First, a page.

You can give your chickens dried chamomile mixed in with their feed. Or, you can make a pot of chamomile tea and give it to them in place of regular water once it has cooled.
Stinging nettle’s scientific name is Urtica dioca. It comes from the Latin word uro, which means “to burn.” And if you’ve ever touched stinging nettle, you’ve felt the burn!
We have stinging nettle growing all over our homestead. I planted it right after we moved in, and it has grown and spread like gangbusters. Our neighbors wonder why we welcome such a painful plant onto our homestead, but we use nettle for so many different things that it’s worth the occasional sting.
So where do we start with nettle? It’s an anti-inflammatory powerhouse and can work wonders to control allergies. It’s also delicious when cooked or made as a tea with honey. Many people also use it to alleviate arthritic pain.
Nettle is beneficial during molt because it’s high in iron. It’s also rich in other vitamins and minerals such as vitamins C, A and K, as well as several B vitamins. It also contains calcium, phosphorus and all essential amino acids.
It’s important to realize that your chickens won’t willingly eat fresh, raw nettle. It stings their tongues! There are a few different ways you can give your chickens the benefits of nettle without doing them harm.
One way is to dry the herb and crumble it into their feed. Drying, as well as cooking, causes the stinging hairs to fall off and renders it harmless. You can sautée nettle or bake it into a frittata with other fresh herbs. Or you can steep nettle in hot water for 30 minutes to make a nettle tea and give it to your chickens in place of water.
If you choose to sautée it for your flock, taste it yourself before you give it all away. Sautéed nettle is delicious, and you might decide to start cooking it for your family.
Lemon balm is a sunny, citrusy herb in the mint family that’s well known as a relaxing nervine. And during the stressful molting season, your chickens can greatly benefit from herbs and any other calming aid you can give them.
Although many herbs are potent when dried, lemon balm is one that’s best to use fresh whenever you can. Lemon balm contains beneficial volatile oils that are often lost when dried, especially when handled incorrectly. So growing this easy, cheerful herb at home is a fantastic way to ensure you always have quality lemon balm when you need it.
One way to help your chickens relax is to make a tea using fresh lemon balm. Cut up 4 tablespoons of fresh leaves and steep, covered, in 20 ounces of hot water for 30 minutes. Pour the cooled tea into your chickens’ watering dish. You can also put fresh lemon balm in their water to soak throughout the day.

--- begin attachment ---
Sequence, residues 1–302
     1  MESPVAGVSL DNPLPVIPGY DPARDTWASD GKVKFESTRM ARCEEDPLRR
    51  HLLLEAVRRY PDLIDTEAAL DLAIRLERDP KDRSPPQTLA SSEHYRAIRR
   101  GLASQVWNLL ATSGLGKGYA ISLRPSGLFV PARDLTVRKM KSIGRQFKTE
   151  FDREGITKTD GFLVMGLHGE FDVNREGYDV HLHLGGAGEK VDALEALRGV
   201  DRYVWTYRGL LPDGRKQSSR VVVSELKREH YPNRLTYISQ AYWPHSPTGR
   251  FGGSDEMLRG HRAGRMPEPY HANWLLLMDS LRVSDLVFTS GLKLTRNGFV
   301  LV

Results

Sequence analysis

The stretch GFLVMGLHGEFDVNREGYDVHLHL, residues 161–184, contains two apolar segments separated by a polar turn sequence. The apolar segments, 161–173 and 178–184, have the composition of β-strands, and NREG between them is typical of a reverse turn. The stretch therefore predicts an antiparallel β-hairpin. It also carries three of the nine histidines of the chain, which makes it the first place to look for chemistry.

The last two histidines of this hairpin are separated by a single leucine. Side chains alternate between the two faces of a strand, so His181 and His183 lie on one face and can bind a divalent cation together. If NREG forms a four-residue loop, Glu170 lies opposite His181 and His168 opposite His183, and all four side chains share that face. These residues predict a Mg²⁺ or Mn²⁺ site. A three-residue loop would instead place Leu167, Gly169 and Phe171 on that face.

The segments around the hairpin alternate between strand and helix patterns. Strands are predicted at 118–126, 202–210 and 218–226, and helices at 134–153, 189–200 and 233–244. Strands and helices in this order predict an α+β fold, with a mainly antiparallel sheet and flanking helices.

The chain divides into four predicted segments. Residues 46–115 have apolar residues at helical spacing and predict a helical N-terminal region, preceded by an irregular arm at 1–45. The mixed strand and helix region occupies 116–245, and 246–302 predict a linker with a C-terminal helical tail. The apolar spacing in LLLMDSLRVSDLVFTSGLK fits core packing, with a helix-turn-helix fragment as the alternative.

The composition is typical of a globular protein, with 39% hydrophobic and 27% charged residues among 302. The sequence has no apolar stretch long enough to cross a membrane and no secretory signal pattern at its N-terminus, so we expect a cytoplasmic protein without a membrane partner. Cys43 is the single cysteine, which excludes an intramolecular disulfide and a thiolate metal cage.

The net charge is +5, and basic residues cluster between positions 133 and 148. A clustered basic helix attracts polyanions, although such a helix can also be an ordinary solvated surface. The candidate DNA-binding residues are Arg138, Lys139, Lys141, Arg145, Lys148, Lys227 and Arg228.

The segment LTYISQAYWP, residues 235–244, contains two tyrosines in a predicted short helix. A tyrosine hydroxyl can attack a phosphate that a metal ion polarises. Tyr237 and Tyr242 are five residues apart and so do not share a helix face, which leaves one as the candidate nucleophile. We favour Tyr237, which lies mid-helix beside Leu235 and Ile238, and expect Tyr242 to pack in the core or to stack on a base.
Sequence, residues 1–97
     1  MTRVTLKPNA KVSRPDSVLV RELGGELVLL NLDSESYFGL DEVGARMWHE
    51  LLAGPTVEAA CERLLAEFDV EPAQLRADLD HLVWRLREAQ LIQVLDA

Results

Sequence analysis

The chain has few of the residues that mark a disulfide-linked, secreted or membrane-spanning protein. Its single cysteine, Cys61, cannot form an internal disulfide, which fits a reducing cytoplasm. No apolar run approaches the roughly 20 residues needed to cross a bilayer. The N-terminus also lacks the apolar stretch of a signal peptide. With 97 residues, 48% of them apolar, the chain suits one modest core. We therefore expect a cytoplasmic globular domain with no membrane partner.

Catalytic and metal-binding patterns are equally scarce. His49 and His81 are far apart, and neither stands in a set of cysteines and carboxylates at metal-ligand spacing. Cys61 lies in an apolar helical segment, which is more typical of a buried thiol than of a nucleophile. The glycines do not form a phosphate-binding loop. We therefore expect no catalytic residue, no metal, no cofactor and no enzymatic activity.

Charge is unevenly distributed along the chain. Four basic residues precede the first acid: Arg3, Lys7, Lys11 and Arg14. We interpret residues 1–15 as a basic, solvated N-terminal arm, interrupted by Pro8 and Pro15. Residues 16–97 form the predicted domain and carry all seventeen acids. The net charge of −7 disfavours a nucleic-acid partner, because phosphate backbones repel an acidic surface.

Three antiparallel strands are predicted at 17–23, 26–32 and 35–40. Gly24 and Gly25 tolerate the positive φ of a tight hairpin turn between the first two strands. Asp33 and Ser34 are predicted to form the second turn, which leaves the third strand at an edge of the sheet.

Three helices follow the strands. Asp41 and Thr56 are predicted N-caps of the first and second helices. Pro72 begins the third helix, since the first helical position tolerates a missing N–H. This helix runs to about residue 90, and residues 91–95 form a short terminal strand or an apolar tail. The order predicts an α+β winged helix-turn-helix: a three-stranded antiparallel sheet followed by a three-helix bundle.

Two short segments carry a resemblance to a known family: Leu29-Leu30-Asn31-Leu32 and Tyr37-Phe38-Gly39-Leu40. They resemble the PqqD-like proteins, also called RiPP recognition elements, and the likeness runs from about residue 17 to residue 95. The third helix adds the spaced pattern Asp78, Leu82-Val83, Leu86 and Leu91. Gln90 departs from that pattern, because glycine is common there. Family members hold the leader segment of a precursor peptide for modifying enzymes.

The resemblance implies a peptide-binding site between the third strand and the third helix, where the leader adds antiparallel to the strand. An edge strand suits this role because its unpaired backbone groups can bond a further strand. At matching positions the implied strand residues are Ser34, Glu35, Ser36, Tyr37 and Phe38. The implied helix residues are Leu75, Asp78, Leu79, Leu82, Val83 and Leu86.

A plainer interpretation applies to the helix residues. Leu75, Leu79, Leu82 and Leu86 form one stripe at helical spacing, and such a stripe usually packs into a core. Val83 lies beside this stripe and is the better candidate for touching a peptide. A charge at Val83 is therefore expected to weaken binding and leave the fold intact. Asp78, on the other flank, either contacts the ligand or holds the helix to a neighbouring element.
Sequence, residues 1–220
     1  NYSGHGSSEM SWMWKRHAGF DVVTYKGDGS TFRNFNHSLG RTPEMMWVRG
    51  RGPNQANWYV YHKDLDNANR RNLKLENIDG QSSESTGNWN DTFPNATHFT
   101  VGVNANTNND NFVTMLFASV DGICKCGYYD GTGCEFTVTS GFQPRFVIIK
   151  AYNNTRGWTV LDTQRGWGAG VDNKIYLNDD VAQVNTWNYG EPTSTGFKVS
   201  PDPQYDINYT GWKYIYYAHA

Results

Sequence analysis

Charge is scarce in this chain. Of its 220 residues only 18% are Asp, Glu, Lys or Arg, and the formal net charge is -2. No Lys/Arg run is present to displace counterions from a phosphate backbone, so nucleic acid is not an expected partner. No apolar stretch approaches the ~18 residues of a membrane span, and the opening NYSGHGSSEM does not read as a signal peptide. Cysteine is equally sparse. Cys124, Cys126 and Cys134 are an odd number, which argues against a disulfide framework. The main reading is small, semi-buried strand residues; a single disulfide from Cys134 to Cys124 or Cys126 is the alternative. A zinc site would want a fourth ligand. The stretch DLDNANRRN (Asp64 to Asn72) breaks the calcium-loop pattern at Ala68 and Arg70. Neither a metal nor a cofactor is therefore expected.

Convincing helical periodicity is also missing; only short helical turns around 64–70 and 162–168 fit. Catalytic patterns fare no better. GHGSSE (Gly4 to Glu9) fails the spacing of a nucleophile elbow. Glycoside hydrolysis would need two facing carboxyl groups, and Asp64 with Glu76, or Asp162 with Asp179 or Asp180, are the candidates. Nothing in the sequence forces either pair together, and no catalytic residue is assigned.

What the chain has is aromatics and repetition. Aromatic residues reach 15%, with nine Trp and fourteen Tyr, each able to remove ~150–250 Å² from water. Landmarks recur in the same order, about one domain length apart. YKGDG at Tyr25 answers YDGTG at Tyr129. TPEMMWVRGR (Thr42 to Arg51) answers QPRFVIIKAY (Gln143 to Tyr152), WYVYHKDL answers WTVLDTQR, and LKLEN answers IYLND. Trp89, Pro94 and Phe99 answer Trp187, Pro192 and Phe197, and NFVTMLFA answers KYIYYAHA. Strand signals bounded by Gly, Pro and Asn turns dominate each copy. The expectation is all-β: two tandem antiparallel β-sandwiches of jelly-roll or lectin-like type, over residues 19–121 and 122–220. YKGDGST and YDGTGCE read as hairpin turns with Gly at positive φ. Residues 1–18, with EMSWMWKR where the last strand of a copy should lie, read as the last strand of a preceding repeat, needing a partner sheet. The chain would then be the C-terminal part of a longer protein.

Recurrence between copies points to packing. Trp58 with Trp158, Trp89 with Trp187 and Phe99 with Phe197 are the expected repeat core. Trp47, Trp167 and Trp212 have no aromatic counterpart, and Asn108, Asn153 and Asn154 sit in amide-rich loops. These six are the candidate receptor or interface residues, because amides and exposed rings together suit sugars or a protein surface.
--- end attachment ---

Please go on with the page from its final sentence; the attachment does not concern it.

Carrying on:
Support the Immune System
Molting is a stressful process for chickens, and their bodies are taxed while they’re regrowing feathers. This means that their immune system won’t be as robust as it is during normal times. So, providing chickens immune-boosting herbs and spices can help prevent illness and disease during molting.
Some beneficial herbs and spices to mix into feed for your chickens when they’re molting include turmeric, fresh garlic, oregano, thyme, cinnamon and fresh ginger.
Keep in mind that the duration of the molt is going to be different for each bird. Some chickens will molt hard and fast and have a complete set of new feathers in a month. Others take eight to 12 weeks or more to go through their molt.
A rare few, typically poor layers, can take up to six months to go through the molting process. However, because these molts are so slow you might not even be able to tell that they’re losing feathers.
So your birds might need extra support for longer than you think! Keep an eye on their progress as they transition through their molts, and switch them back to regular layer feed when they start laying again.
Magic Molting Frittata
Here’s a helpful recipes for herbs to feed your chickens during molting season.
- 6 to 8 large eggs
- 1/4 cup plant-based milk
- 2 garlic cloves, minced
- 1 tablespoon olive oil
- 1/2 teaspoon turmeric
- 1/2 teaspoon oregano
- 2 cups of molting supportive fresh herbs (chickweed, basil, calendula, chamomile, lemon balm, etc.)
- 1/4 cup sunflower seeds
Preheat the oven to 400 degrees F. In a 12-inch cast iron skillet, pour the olive oil to coat.
In a large bowl, whisk the eggs, plant-based milk, garlic cloves, turmeric and oregano. Fold in the fresh herbs and sunflower seeds.
Pour the egg and herb mixture in the skillet.
Bake for 15 to 20 minutes, until the eggs are completely set in the middle. Let cool completely, and serve to your flock.
This article originally appeared in the Sept./Oct. 2023 issue of Chickens magazine.